This must be one of the reasons why the new plan has chopped the projected annual output of the 2009 blueprint from 450,000 tonnes to 350,000 tonnes which will no doubt still take a lot of doing to achieve. Isn’t the drastic reduction by 100,000 tonnes the clearest admission that the 2009 blueprint was unhinged from reality and that the industry is in a crisis of huge dimensions?  When GuySuCo was last in this perilous condition in 1990, the wheels had already been set in motion for the involvement of Booker Tate in reviving the fortunes of the industry which it duly did. By contrast there is no such promise of a major initiative to recalibrate the prospects for the industry and determine what is the best size and orientation for it. It seems as if both the government and the industry are marking time. How can that be an answer to its evident problems and the clear drain on resources?

By its own admission the industry has acknowledged whopping losses over the last four years. Where is this going to be financed from and is the corporation financially viable at all? Not having thus far publicly released the plan, the government and its senior spokesmen have been exceedingly quiet about sugar as if there is the risk of some dread disclosure.

There are many other quandaries which the industry has found itself in. Its value added installations, Enmore in particular, are vastly underutilized because of low sugar production, meeting this year’s EU quota will pose a major challenge, mechanization of fields has left key cultivations at the mercy of the volatile weather and there is a genuine shortage of labourers who have migrated to other areas or away from the country. This is not even taking account of what will happen post-2017 when duty-free to the EU from Guyana will be at an end and the corporation will have to scrounge for markets.

Leadership at the level of the board and the corporation is also an unresolved issue. The corporation needs effective stewardship and management if it is to have a chance of recovery. Thus far, the government seems unwilling to search for experienced candidates.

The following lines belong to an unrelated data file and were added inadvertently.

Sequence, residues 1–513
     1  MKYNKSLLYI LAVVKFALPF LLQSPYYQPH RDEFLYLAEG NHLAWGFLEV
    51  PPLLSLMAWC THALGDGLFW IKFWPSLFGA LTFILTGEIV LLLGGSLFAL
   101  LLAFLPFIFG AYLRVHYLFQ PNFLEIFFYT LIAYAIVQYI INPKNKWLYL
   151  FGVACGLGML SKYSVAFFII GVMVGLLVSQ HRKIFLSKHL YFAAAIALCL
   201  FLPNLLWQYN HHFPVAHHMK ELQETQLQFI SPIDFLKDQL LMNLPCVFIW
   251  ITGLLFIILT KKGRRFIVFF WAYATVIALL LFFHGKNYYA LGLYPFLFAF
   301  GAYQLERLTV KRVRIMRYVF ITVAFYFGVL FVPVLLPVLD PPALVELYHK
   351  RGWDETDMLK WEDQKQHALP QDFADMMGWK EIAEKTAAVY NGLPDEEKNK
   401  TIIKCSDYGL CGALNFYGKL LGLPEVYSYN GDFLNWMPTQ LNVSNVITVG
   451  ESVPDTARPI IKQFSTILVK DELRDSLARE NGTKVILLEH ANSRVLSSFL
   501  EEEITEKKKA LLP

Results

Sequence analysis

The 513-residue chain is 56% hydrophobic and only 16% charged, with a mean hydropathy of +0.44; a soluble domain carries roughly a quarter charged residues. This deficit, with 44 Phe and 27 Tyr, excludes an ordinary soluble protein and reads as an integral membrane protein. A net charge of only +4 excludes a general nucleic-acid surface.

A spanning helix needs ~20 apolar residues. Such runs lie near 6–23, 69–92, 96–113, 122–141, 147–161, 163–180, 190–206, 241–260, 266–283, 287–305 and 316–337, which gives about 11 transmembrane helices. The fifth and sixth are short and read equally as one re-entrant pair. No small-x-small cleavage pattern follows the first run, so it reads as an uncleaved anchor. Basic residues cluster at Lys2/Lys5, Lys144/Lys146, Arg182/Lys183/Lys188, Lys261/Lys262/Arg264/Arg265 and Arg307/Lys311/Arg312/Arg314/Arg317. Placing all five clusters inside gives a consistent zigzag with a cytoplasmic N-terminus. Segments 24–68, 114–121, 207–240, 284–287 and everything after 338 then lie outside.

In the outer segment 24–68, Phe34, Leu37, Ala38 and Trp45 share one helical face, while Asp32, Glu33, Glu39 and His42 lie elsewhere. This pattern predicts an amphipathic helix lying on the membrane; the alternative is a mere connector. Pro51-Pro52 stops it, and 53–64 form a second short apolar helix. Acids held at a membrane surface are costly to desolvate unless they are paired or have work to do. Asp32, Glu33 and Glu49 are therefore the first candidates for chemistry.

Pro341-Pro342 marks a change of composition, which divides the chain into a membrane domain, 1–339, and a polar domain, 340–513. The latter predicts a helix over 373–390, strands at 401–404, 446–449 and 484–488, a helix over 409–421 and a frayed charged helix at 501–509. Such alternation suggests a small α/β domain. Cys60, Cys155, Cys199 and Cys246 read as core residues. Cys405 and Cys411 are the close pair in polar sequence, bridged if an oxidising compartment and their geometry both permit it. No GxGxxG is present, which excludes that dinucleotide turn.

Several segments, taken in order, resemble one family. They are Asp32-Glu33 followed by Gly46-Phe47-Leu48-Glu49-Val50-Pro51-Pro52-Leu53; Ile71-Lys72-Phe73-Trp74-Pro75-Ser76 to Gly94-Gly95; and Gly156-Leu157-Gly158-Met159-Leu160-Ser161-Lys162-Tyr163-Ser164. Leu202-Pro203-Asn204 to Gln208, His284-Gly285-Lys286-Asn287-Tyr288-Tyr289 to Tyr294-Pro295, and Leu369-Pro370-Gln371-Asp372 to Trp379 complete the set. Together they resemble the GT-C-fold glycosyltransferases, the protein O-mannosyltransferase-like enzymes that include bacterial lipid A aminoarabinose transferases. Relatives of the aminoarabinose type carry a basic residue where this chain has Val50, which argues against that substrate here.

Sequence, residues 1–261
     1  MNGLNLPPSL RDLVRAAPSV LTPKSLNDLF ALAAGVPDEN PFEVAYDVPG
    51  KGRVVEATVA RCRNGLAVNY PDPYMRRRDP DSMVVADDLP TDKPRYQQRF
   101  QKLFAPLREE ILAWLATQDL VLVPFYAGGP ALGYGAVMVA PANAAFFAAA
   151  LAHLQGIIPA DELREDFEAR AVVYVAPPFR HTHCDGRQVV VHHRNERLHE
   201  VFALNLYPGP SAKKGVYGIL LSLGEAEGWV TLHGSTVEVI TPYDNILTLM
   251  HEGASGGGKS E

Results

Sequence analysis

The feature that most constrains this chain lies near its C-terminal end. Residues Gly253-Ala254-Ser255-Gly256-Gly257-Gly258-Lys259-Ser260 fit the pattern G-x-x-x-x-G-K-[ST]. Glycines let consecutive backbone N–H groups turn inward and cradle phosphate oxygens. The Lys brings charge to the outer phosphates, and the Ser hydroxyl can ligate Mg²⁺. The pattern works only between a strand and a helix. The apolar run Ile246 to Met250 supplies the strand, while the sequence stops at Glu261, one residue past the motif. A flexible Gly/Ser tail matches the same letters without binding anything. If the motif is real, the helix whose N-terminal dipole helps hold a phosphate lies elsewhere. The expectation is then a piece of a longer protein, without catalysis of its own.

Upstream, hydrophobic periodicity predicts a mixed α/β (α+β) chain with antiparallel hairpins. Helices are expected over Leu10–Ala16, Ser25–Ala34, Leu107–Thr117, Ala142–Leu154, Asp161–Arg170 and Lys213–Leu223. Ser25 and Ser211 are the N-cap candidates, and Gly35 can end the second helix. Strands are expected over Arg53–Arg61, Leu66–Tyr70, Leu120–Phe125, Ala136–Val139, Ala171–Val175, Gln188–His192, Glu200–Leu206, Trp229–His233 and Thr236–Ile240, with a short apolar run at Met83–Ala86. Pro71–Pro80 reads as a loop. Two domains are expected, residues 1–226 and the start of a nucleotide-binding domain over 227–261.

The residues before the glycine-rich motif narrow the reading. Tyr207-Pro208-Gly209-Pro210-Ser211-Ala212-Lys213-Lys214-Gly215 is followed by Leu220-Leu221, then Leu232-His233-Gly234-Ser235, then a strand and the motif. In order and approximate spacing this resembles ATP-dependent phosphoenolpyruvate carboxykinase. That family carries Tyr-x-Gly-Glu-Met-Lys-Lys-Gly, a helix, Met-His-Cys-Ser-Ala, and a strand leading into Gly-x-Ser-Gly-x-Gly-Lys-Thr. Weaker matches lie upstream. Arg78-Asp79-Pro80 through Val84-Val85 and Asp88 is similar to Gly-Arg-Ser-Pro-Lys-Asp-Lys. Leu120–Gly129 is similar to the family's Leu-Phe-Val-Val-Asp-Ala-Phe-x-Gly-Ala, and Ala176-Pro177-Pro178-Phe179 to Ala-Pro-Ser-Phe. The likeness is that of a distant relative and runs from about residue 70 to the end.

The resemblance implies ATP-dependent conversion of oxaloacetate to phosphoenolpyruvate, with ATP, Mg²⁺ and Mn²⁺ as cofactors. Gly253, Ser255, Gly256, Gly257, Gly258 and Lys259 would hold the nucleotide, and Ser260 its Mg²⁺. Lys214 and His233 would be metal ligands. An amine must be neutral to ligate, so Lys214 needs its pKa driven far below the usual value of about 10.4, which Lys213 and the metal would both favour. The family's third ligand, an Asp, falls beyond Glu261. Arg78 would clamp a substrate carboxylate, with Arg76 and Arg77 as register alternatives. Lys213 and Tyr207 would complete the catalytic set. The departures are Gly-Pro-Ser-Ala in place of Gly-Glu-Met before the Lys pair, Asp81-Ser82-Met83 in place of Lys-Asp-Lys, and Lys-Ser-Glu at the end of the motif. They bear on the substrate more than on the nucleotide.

The main sugar union GAWU and other industry watchers are of the opinion that the poor upkeep of GuySuCo’s fields is a key reason why production has been so anaemic. The plan does identify improvements in this respect but one wonders how the public could be convinced of the effectiveness of these measures after so many years of failure and neglect. Serious money is being pumped into this problem-plagued industry but there is no accountability for the quality of its management and its dismal output.

Given the recalcitrance of the government in presenting full information on troubled areas like sugar and opening up itself to scrutiny, it will likely fall to the opposition to press for a clear vision for the sugar industry, whether it can survive in its present configuration and what to do about the Skeldon factory. The opposition should lose no time in seeking to have an emergency debate in parliament on sugar and having the Economic Services Committee place it at the top of its agenda and invite experts to testify. One of the topics for discussion should be what became of the money from the European Union as accompanying measures to the reform of the EU sugar regime.

The grave state of the sugar industry requires urgent, concerted effort by all stakeholders to fashion a way forward. It will be a suitable test of whether in this new session of Parliament the government is prepared to admit to the state of this historically vital industry and work with the opposition on the way forward.